(Bloomberg) -- India is wooing semiconductor and display makers to the country by increasing financial incentives for setting up manufacturing units under a $10 billion plan.
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Prime Minister Narendra Modi’s administration will bear half the cost of setting up all semiconductor manufacturing units, it said in a statement on Wednesday. Previously, New Delhi said it would offer fiscal support ranging from 30% to 50% of a project’s cost depending on the type of chip manufactured.
India, the world’s second-biggest mobile phone maker, is eyeing chip sovereignty as it tries to cut back on expensive imports and become a global supplier like neighboring China.
The country also removed a cap of 120 billion rupees ($1.5 billion) on 50% of the project cost for companies setting up display fabrication factories. It increased financial support for companies setting up chip assembly units to 50% of capital expenditure from 30%.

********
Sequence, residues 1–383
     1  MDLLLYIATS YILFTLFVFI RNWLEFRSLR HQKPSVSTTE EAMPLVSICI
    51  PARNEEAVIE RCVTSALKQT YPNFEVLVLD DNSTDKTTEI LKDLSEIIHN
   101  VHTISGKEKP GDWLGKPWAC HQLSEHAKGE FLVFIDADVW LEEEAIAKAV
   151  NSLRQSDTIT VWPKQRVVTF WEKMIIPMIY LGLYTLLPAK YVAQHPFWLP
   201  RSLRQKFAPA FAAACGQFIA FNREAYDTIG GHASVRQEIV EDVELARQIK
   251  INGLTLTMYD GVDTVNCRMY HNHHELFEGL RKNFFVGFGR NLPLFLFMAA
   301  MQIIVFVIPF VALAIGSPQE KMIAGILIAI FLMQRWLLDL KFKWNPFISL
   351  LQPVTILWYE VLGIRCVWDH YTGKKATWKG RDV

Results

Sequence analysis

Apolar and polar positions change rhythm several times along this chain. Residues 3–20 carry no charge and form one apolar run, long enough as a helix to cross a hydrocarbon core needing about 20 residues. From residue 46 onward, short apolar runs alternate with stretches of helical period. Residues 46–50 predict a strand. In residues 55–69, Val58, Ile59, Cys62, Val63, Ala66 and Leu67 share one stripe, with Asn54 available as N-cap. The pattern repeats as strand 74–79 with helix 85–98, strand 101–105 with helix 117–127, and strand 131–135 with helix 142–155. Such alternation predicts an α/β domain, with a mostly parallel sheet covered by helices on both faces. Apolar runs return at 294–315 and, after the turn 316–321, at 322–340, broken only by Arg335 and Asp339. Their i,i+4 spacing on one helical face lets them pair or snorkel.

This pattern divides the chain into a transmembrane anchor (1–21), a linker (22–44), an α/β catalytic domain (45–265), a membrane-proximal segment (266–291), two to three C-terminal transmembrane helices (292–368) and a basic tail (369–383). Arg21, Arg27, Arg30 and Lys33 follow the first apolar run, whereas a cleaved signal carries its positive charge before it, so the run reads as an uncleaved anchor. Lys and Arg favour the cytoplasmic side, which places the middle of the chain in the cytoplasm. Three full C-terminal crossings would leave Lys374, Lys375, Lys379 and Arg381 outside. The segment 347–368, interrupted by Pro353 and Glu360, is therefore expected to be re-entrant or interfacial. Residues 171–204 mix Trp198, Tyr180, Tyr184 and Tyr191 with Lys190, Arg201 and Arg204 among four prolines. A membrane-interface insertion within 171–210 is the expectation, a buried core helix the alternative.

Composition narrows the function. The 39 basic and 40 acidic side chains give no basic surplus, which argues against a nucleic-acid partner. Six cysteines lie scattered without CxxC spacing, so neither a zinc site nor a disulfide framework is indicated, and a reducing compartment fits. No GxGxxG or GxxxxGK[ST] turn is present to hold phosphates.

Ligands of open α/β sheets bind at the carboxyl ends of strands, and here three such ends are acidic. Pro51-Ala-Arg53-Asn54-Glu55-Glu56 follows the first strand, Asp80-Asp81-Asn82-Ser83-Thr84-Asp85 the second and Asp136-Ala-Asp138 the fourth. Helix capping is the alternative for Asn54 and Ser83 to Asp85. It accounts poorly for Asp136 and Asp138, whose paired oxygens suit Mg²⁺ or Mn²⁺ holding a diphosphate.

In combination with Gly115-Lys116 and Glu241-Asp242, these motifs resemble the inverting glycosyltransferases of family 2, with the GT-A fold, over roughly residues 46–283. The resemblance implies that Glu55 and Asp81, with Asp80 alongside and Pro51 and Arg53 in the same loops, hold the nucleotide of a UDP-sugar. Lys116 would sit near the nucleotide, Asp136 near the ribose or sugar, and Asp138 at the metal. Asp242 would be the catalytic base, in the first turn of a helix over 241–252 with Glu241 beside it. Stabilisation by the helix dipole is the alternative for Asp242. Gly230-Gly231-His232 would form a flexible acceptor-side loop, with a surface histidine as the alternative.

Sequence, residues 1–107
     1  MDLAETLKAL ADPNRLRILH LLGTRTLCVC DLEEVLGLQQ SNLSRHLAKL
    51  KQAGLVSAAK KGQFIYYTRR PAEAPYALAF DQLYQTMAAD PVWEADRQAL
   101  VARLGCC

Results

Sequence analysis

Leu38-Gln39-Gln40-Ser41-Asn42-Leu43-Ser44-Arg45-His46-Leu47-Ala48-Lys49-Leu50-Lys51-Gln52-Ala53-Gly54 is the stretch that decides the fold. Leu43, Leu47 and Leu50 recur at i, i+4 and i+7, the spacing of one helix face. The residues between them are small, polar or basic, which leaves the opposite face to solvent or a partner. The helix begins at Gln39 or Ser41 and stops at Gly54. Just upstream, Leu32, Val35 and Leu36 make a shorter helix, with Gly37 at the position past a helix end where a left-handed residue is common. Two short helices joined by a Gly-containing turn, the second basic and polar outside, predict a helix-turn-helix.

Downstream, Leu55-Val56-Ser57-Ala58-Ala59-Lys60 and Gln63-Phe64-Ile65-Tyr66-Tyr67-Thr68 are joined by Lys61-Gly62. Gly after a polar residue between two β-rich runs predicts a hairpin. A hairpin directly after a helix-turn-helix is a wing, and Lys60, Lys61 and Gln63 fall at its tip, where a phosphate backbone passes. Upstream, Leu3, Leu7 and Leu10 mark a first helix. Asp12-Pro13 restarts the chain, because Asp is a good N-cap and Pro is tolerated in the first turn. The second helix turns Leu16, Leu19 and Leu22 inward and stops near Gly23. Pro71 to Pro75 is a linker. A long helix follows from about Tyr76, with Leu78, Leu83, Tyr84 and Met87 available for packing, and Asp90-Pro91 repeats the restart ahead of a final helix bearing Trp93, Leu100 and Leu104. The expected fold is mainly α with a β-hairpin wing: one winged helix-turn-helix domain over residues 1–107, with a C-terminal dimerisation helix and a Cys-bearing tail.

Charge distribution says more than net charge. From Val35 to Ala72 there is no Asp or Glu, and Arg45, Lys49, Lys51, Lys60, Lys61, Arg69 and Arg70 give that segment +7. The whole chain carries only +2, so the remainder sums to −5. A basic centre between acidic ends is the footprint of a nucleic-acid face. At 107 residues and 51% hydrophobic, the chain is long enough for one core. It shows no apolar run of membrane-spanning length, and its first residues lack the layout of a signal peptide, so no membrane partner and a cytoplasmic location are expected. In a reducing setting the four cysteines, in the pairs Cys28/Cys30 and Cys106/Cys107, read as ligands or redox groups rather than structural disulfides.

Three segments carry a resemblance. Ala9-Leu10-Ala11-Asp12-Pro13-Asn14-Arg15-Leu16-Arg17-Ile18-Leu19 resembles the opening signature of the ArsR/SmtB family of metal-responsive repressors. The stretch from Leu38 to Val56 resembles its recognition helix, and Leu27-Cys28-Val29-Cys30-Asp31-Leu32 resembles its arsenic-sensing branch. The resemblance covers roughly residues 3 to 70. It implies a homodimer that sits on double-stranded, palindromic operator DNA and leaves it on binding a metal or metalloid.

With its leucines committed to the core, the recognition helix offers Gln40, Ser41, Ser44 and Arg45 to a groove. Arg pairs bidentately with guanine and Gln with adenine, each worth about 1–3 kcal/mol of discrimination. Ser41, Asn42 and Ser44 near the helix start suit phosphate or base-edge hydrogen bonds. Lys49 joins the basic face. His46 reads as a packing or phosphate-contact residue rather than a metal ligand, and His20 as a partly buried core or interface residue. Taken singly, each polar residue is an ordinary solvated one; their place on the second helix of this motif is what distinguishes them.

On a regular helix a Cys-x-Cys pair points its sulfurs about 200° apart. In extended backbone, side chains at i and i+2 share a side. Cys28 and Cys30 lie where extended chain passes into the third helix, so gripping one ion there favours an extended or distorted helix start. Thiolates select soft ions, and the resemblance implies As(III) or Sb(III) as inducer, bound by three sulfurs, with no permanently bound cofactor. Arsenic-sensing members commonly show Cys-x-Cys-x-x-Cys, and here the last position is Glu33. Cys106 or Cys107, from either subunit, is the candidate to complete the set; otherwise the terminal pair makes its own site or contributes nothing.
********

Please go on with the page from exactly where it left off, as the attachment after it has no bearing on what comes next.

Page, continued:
A joint venture of Taiwan’s Hon Hai Precision Industry Co., also known as Foxconn, and metals company Vedanta Ltd. will set up a factory in Modi’s home state of Gujarat, Vedanta said earlier this month. The total investment in the project, which includes semiconductor fabrication, assembly, and testing, as well as display production, is set to reach more than $19.4 billion, according to the company.
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